Dr. Mike Robinson ~ UL Communication Studies Professor
There is a moment in the red-band trailer for The Suicide Squad that some may not have reacted too. That is understandable. There is a lot to process. There are tons of new characters and a lot of fan favorite actors showing up (what is the deal with Nathan Fillion’s arms? Etc.) And there is the wonderful joy in knowing that director James Gunn is about to play in a sandbox built on characters designed to be wiped out with reckless abandon.
Still, towards the end of the trailer, some unknown functionary observing the superheroic action on a monitor shouts “Oh my God! We have got a freakin’ kaiju up in this sh*t!” But that is not just any kaiju, that is the one and only Starro the Conqueror!
There is a certain giddy thrill to fandom. The longer you have been a fan, the greater the reward when something you have known is about to break big. There is anxiety too. Even with all the mainstreaming of nerd culture, the long-time fan still remembers the fear that something they love might be messed up. Still, it is the anticipation that wins out for now.
Yours truly has a particular soft spot for certain oddball menaces. Starro has long been one of my true favorites. Basically, Starro is a giant, one-eyed starfish from outer space who has come to take over the world. And if Starro sounds really goofy to you, well, keep in mind that he was the very first enemy that the Justice League of America fought when the team first appeared in Brave and the Bold #28 (1960).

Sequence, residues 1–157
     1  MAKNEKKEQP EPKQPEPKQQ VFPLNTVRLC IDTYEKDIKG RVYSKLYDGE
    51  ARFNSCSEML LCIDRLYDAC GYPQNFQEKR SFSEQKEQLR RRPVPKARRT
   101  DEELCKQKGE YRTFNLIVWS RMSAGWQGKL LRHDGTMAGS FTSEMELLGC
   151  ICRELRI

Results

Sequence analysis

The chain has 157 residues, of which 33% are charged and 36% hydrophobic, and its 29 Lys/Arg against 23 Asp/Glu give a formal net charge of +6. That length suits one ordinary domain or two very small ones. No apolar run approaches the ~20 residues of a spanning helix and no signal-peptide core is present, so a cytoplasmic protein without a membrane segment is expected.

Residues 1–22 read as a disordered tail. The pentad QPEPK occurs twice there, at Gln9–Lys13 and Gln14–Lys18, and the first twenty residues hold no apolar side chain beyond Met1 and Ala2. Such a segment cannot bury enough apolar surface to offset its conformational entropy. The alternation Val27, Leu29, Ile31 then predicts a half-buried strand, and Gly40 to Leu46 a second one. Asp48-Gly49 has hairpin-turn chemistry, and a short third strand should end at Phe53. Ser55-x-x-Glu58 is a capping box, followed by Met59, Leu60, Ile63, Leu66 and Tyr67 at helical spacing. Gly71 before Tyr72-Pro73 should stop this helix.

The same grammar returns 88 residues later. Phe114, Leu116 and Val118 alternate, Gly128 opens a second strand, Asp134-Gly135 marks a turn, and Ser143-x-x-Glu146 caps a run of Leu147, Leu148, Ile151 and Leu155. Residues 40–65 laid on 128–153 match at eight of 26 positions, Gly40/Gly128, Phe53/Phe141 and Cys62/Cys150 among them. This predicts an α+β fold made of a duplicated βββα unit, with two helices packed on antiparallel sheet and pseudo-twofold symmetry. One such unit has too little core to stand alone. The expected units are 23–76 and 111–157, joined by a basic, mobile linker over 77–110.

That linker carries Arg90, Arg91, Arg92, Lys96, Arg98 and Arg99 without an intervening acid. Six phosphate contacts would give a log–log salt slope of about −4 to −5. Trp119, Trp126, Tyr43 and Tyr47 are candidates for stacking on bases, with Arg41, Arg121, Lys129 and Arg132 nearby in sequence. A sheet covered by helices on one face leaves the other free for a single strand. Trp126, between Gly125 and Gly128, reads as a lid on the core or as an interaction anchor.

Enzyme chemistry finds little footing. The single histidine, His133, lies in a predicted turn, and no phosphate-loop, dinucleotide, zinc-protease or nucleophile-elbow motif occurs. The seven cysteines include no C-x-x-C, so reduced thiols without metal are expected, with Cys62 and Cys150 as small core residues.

It took the combined might of Green Lantern, Flash, Wonder Woman, Aquaman, and the Martian Manhunter to defeat Starro. Therefore, Starro is no slouch. Or at least he appears to be no slouch until Justice League mascot Snapper Carr suggests defeating him with garden lime. That is slouch territory.
There is a wonderful combination of Space Age sci-fi and Silver Age of comics goofiness to Starro in that early appearance. He was relegated to the sidelines for many years afterwards. But what I really love about the character was that they found a way to make him truly menacing.
In Justice League of America #189-190 (1981), Starro returned with a frightening new power, the ability to create multitudes of smaller starfish versions of himself that adhere to the face of their human victims, thus taking over their minds. It is Alien face-hugger body-horror combined with zombie movie dynamics.
Friends become foes and every loss amplifies the power of the enemy. The imagery is surreal and I had always heard that the story was basically generated to meet a clever idea on the part of the cover artist Brian Bolland for issue #190. Whatever the case, the visual stops being goofy and starts being unsettling.
Since then, Starro has gone on to appear in a number of comics and in a variety of other media. Heck, Starro even got to fight the Avengers once and not many DC villains can say that. But this is his first true big screen. . . excuse the pun. . . starring moment. I am not sure what will happen, but I hope it will be just as simultaneously goofy and disturbing as this enslaving echinoderm has always been.